Non-destructive evaluation (NDE) techniques for condition monitoring in remote solid structures have evolved vastly in the last few years. Algorithms for estimation of sensor integrity and for noise correction form a crucial aspect of NDE. This paper presents a sensor validation approach that verifies sensor integrity, identifies and corrects noise effects and selects the best possible array of sensors for multi-sensor fusion. The proposed methodology uses a novel change detection algorithm for noise correction and a clustering algorithm to isolate useful signal information from the sensor data. It was used for sensor selection in a NDE field study, where multiple sensors were used to examine a solid structure. The methodology achieved 97% accuracy in the experiments, indicating its efficacy.
In this paper, we present a feature selection and classification approach that was used to assess highly noisy sensor data from a NDE field study. Multiple, heterogeneous NDT sensors were employed to examine the solid structure. The goal was to differentiate between two types of phenomena occurring in a solid structure where one phenomenon was benign, the other was malignant. Manual distinction between these two types is almost impossible. To address these issues, we used sensor validation techniques to select the best available sensor that had the least noise effects and the best defect signature in the region of interest. Hundreds of features were formulated and extracted from data of the selected sensors. Next, we employed separability measures and correlation measures to select the most promising set of features. Because the NDE sensors poorly described the different defect types under consideration, the resulting features also exhibited poor separability. The focus of this paper is on how one can improve the classification under these constraints while minimizing the risk of overfitting (the number of field data was small). Results are shown from a number of different classifiers and classifier ensembles that were tuned to a set true positive rate using the Neyman-Pearson criterion.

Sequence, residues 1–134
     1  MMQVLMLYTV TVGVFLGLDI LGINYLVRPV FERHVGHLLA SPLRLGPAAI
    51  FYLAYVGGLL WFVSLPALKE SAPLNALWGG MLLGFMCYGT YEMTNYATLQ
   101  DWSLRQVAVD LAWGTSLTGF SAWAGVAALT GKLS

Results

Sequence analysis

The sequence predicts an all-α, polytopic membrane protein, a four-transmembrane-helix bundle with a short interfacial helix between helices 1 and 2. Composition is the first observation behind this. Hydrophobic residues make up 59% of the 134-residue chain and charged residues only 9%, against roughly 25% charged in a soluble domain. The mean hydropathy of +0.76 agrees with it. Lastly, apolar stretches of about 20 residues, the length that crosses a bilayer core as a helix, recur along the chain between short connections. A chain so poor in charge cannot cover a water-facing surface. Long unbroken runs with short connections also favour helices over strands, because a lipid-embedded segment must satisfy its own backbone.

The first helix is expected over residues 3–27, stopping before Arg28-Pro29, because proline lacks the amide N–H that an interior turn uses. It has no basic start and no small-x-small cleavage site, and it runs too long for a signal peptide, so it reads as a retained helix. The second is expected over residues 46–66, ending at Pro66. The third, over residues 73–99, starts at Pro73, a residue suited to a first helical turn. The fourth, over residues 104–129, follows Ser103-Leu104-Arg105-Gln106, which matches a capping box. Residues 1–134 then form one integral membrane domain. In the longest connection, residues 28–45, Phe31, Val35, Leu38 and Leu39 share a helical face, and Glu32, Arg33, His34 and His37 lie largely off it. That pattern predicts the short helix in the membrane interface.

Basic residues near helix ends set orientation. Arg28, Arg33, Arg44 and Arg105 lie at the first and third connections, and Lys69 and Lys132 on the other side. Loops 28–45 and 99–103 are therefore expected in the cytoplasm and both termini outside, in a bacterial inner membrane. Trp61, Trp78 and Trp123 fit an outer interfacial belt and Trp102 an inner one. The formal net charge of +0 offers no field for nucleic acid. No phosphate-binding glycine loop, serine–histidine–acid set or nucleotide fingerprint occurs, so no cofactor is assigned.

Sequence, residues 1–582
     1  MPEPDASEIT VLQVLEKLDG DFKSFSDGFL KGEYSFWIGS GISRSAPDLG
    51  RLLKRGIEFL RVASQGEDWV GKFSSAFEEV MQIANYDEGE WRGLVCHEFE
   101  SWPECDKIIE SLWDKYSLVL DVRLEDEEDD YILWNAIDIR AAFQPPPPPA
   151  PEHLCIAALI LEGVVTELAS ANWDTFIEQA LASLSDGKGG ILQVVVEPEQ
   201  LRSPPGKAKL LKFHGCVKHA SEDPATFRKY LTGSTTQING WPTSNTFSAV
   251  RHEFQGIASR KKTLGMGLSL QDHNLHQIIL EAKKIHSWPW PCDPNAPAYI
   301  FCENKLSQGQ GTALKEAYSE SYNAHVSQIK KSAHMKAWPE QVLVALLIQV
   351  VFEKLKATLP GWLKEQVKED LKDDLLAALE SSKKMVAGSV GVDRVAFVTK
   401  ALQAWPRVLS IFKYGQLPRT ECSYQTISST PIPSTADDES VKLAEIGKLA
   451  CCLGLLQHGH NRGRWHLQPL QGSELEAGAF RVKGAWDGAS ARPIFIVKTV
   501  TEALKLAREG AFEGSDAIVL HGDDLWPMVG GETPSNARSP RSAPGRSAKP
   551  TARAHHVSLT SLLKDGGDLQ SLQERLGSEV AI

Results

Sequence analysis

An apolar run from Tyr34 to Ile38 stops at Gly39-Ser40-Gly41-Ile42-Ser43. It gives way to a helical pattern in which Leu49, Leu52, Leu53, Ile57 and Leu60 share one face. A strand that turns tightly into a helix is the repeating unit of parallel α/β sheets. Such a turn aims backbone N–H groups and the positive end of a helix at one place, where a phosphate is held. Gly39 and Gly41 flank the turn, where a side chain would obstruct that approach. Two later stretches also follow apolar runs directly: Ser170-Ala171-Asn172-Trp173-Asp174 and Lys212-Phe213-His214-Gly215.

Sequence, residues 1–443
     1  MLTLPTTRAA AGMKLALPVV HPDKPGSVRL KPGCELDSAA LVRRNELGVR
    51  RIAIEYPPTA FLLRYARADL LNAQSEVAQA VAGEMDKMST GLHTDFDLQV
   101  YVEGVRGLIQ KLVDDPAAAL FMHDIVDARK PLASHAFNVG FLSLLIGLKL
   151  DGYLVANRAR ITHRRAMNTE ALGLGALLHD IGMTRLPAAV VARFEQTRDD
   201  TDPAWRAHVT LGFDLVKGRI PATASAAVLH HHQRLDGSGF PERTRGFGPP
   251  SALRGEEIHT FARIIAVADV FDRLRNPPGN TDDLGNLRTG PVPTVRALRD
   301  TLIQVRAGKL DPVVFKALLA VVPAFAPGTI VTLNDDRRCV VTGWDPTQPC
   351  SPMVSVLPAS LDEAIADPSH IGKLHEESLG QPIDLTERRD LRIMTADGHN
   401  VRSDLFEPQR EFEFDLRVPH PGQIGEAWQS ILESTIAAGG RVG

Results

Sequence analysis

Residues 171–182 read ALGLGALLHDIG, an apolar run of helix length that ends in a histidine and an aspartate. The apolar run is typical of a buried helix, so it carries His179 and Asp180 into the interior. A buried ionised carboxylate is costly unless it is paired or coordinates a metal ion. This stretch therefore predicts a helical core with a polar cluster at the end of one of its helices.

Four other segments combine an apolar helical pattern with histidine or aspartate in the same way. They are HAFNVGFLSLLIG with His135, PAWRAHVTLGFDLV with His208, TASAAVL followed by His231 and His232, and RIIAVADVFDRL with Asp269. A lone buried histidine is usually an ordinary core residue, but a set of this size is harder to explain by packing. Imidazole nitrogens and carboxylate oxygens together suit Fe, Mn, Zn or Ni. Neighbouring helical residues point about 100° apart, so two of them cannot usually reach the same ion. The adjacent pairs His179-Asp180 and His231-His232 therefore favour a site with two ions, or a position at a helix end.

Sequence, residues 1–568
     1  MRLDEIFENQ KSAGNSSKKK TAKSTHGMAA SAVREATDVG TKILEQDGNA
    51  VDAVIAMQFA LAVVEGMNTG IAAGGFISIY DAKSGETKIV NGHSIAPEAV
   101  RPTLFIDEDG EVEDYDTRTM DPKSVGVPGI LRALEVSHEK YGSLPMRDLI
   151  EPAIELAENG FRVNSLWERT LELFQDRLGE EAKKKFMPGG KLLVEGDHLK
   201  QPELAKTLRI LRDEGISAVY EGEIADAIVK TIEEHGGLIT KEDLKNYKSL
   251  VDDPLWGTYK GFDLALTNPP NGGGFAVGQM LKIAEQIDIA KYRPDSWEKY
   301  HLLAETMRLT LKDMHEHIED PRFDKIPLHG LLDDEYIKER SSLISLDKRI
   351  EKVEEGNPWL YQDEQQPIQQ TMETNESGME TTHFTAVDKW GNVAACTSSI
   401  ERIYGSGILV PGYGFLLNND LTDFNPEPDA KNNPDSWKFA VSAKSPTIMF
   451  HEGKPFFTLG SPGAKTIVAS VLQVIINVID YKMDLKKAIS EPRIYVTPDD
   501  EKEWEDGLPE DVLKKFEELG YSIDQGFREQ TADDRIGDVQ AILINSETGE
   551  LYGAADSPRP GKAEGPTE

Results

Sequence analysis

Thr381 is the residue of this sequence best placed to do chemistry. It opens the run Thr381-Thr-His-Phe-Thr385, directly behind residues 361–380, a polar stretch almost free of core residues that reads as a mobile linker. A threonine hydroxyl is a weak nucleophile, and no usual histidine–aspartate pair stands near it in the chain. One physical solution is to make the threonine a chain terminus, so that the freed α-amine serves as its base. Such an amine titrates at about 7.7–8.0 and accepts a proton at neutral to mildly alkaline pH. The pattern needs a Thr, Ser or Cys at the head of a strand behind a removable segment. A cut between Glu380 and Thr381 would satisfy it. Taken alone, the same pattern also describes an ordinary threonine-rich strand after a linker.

Rapid developments in sensor technology and its applications have energized research efforts towards devising a firm theoretical foundation for sensor management. Ubiquitous sensing, wide bandwidth communications and distributed processing provide both opportunities and challenges for sensor and process control and optimization. Traditional optimization techniques do not have the ability to simultaneously consider the wildly non-commensurate measures involved in sensor management in a single optimization routine. Market-oriented programming provides a valuable and principled paradigm to designing systems to solve this dynamic and distributed resource allocation problem. We have modeled the sensor management scenario as a competitive market, wherein the sensor manager holds a combinatorial auction to sell the various items produced by the sensors and the communication channels. However, standard auction mechanisms have been found not to be directly applicable to the sensor management domain. For this purpose, we have developed a specialized market architecture MASM (Market architecture for Sensor Management). In MASM, the mission manager is responsible for deciding task allocations to the consumers and their corresponding budgets and the sensor manager is responsible for resource allocation to the various consumers. In addition to having a modified combinatorial winner determination algorithm, MASM has specialized sensor network modules that address commensurability issues between consumers and producers in the sensor network domain. A preliminary multi-sensor, multi-target simulation environment has been implemented to test the performance of the proposed system. MASM outperformed the information theoretic sensor manager in meeting the mission objectives in the simulation experiments.